What do YouTube ads cost?
How much do YouTube ads cost?
YouTube ads cost on average anywhere between $0.03-$0.30 USD per view. That price changes depending on the following factors:
- Quality score
- Ad formats
Let’s explain each, and why they matter so much.
Then I’ll provide important context for how to get the most out of your YouTube ad spend.
YouTube’s ad placements work like most of Google’s ad products: through a bidding system. How much YouTube advertising costs depends on how much other people are bidding for the same ad placement.
Typically, you’ll be bidding on a cost-per-view (CPV) or cost-per-thousand (CPM) impressions basis for YouTube video ads, in which you’re only charged if a viewer watches the ad for longer than 30 seconds or interacts with the ad.
With some ad formats, you can pay-per-click (PPC). It doesn’t matter how many people see your ad. You only pay for the people who actually click on it.
Remember to set a daily budget for your marketing campaigns to make sure you don’t spend more than your budget allows for.
You want to use YouTube’s targeting options to show your video advertising to the people most likely to care about it. Targeting affects your cost because some audiences are much more expensive to market to than others.
Here are the different ways that you can target potential customers on YouTube:
You can show your ads to people based on their age, gender, and household income. You can use detailed demographic targeting to show your home insurance ads only to homeowners.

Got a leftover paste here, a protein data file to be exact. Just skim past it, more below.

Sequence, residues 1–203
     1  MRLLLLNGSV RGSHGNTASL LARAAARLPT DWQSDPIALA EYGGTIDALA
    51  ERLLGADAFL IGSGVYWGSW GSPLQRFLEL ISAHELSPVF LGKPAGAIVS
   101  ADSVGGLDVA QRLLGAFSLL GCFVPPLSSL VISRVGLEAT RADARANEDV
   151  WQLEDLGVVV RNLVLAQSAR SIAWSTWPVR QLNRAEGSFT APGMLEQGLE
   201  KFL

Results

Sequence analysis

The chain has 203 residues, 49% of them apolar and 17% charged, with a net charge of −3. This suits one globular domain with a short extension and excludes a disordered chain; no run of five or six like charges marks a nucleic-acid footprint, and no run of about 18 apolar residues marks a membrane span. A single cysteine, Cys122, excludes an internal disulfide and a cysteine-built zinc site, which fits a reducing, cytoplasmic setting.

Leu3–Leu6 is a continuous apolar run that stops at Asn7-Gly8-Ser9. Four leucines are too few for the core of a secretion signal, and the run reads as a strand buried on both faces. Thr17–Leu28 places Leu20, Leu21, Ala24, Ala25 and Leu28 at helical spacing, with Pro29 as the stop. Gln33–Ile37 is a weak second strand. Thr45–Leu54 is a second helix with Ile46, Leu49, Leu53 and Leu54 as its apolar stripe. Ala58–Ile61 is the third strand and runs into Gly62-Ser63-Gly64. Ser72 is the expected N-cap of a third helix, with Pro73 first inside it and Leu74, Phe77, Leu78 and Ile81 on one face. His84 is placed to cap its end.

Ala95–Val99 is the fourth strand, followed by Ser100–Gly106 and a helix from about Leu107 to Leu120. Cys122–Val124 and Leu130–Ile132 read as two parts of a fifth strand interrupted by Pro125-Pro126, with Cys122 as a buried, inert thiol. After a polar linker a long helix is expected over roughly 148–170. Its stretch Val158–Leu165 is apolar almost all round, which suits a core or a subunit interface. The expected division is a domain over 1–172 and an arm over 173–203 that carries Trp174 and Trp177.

Choose which audiences you want to show your ads to based on their habits and interests. So you can market your smart thermostat to a target audience comprised only of home automation enthusiasts.
When someone goes through a major life event like moving or getting married, they’re in the market for things they weren’t interested in before. You can show ads for your career development seminar only to people who are graduating from college.
Google can tell when someone is researching products and is in the consideration process for buying a product similar to yours. Target in-market audiences to reach people most likely in the mindset to buy from you.
Show ads to viewers who have already seen your videos, ads, or YouTube channel. Use video remarketing to inexpensively reach customers who have already come in contact with your brand and are more likely to do business with you than users who haven’t seen your videos.
You can specify which YouTube channels and videos you want to advertise on. So you can advertise your gaming keyboard on specific e-sport YouTube channels.
Show ads for your workout plans to people watching fitness videos.
Choose related phrases to a YouTube video or channel that your market might be interested in. You can also choose negative keywords to keep your ads from showing up on unrelated videos.
Target based on the device someone is using to access YouTube. It probably isn’t worth showing ads for your iPhone game on Android devices.
Google rates your video ad based on how relevant it is to the audience you’re targeting. They determine this by looking at how many people actually watch and engage with your ad.